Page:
Tales of Zestiria Review

Tales of Zestiria Review Screenshot 1

Tales of Zestiria is the fifteenth main-series entry in the Tales series. With development beginning in 2012 by Bandai Namco Studios and tri-Crescendo, the game faced its original Japanese release in January 2015, and reached Western shores by October of the same year. Originally released for the Playstation 3, the title was quickly ported to Steam, and later to the Playstation 4.

The game places you in the shoes of Sorey, a human boy who must undertake the role of the long-forgotten Shepherd, in a bid to eradicate the ‘Malevolence’ that’s plaguing his homeworld of Glenwood. Standard. The plot is your cut-and-dry reincarnation of a fabled hero, and sadly, doesn’t add anything new or special to the clichéd narrative trope. What Tales of Zestiria does offer however, is a band of characters who all bring their own individual virtues and sense of humour to the party, creating an overall sense of community on your quest against evil. The characters you’ll come across include but aren’t limited to: Mikleo, Sorey’s Seraphim foster-brother, Rose, Sorey’s human friend, and Ailisha, a princess turned knight.

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The gameplay of Tales of Zestiria is similar to its predecessors, in its utilisation of the Linear Motion Battle System (LMBS), which to the uninformed, is not too dissimilar from the combat style seen in the Kingdom Hearts franchise. A first for the series however, is that the transition between exploration and combat is more fluid in Tales of Zestiria, with the combat actually taking place in the same area as the exploration. As you saunter along your quest, optional dialogue opportunities arise, offering the player an insight into the relationships between the characters, in the form of often humorous or political quips and remarks. Depending on which character you have accompanying Sorey throughout the overworld, certain actions can be performed, such as teleporting across short gaps, or temporarily shielding the party from enemies’ view. Equipment can be assigned special skills, through completing quests for creatures known as Normin, and additional abilities can be unlocked by completing protection missions over certain regions of the map.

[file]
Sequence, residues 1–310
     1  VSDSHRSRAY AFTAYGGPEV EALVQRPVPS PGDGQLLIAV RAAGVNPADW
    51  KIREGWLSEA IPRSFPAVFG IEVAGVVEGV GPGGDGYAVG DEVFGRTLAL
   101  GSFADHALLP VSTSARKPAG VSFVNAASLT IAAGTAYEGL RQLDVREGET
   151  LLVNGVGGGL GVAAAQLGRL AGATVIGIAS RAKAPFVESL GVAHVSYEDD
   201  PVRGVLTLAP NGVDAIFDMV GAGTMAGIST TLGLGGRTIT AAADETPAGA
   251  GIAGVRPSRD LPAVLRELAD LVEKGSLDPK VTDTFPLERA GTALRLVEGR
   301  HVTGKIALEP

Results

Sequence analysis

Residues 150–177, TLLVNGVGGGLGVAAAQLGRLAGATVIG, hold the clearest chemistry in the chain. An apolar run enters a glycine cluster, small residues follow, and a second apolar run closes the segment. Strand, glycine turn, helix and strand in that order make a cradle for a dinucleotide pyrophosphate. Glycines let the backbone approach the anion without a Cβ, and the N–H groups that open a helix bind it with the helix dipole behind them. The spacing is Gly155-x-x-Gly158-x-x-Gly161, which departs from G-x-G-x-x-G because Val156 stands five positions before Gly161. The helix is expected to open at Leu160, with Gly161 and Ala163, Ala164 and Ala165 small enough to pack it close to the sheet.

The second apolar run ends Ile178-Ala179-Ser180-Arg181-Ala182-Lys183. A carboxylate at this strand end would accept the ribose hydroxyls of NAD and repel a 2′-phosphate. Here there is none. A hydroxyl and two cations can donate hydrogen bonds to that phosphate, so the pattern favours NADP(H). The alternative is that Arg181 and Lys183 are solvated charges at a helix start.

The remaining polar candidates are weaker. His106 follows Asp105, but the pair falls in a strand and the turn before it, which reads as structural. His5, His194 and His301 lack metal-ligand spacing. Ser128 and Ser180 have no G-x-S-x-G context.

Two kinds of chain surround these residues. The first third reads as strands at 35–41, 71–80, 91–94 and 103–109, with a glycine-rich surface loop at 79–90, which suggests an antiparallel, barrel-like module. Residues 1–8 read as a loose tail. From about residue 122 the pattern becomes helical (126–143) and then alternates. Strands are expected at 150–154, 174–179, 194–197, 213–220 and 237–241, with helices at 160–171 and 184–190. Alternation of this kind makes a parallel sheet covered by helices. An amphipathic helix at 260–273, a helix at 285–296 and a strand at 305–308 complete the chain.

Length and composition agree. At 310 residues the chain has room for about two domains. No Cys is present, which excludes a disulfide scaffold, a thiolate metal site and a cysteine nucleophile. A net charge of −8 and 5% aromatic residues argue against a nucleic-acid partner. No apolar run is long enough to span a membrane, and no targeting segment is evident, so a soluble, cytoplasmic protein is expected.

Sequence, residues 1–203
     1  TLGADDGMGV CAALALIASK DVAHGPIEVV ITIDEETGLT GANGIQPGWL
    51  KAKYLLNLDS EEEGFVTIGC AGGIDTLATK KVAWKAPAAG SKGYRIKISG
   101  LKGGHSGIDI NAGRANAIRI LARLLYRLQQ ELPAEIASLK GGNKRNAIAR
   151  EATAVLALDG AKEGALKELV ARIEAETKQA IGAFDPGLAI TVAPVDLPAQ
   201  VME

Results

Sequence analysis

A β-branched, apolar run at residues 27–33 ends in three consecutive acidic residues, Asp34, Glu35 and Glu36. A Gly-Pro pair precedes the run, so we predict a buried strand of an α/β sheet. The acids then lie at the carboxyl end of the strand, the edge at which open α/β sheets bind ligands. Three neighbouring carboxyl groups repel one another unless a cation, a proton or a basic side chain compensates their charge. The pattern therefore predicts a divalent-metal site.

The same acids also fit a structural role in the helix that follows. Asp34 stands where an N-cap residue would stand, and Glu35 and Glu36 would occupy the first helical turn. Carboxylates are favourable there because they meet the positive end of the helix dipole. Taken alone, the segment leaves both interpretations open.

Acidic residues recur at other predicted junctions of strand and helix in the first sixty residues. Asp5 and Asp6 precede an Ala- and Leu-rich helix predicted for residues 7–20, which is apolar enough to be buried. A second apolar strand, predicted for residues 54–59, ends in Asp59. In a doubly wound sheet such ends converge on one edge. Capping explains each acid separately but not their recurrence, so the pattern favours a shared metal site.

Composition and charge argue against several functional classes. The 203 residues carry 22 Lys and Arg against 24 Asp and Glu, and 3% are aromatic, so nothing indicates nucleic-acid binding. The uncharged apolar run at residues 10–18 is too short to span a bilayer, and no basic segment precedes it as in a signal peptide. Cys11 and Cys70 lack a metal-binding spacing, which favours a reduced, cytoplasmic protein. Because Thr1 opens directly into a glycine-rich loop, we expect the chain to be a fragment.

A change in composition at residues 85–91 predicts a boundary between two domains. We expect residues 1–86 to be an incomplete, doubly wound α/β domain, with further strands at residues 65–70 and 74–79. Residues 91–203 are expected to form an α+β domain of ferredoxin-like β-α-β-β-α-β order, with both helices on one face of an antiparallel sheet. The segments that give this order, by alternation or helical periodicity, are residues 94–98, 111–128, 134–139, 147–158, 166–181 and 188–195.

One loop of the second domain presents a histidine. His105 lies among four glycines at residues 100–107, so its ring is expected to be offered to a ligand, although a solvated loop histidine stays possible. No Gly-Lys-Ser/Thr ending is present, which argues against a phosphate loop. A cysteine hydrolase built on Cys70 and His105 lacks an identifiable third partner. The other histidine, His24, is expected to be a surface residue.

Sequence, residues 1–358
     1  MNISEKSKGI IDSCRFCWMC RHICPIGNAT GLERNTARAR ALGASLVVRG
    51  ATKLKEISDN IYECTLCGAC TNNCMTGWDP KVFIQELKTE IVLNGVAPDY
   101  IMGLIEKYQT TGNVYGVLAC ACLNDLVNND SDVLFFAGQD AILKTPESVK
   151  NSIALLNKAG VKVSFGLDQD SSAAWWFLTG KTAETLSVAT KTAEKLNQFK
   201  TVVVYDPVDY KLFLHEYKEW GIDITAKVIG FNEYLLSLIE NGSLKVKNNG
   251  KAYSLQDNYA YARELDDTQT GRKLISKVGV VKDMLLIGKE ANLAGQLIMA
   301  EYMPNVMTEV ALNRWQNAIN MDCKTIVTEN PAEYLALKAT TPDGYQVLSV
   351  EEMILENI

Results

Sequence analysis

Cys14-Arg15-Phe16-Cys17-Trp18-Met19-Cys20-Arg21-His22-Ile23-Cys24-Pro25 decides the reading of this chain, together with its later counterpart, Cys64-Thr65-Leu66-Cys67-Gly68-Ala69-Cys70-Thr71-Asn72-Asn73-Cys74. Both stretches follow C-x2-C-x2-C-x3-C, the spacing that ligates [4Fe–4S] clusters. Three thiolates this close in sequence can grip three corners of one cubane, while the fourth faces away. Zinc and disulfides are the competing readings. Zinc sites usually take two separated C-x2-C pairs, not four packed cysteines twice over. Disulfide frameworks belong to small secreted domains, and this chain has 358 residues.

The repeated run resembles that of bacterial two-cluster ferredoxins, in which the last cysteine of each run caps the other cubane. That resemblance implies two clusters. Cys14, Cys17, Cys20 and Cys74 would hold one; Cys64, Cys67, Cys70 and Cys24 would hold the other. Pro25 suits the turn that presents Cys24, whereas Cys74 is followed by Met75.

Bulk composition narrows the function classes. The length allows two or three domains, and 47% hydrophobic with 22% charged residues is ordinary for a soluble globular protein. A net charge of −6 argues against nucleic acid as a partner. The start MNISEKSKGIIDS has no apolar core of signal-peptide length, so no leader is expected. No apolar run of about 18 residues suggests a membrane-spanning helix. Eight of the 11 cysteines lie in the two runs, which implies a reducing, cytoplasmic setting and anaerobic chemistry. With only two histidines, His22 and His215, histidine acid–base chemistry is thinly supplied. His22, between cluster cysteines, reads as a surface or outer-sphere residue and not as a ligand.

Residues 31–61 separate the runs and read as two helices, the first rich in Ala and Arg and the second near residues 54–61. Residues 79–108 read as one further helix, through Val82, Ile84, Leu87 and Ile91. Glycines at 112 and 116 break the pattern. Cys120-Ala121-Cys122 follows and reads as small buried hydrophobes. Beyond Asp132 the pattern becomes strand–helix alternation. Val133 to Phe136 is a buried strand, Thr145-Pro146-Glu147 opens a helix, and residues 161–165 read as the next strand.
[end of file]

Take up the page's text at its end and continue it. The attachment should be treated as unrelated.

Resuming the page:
What really drags Tales of Zestiria down however, is the incredibly contrast between its vast open world, and the narrow, linear dungeons that you’ll find yourself crawling through. The difference is stark; on one hand, you’re offered this rich and extensive world, reminiscent of the freedom The Legend of Zelda: Ocarina of Time offered, yet on the other hand, you’re swamped with monotonous and repetitive dungeons, which offer often-irritating puzzles, that feel more laborious at times than anything else.

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The music in this game is wonderful. It perfectly represents each respective area the player finds themselves traversing, and often mirrors the mood that’s fallen on the characters at any given time. It’s uplifting and rejuvenating when it needs to be, refilling the player with a sense of excitement and adventure that only a good JRPG can.

All in all, as a newcomer to the series, I enjoyed what Tales of Zestiria has to offer. It holds the familiarity of the traditional JRPG, yet breaks that mould with its innovative combat. A fully-voiced (and voiced well, at that) cast of eclectic and likeable characters help shape what is truly an enjoyable experience. The ~50 hour plot can get muddy at times, and for the most part, finds itself relying on the characters and gameplay as its saving grace. That’s just the bare minimum however, as the hours that can be spent poring over countless items and equipment, debating which combinations are best, are near limitless, and this is where the game really shines. As I said before, the narrative is a slight deviation on the often-regurgitated ‘reincarnation of a fabled hero who is tasked with ridding the world of evil’. As much as it pains me to say it, the plot drags what could have been a truly wonderful game, down into the upper echelons of mediocrity, as so many games have fallen victim to in the past.

REVIEW CODE: A complimentary PC code was provided to Brash Games for this review. Please send all review code enquiries to editor@brashgames.co.uk.

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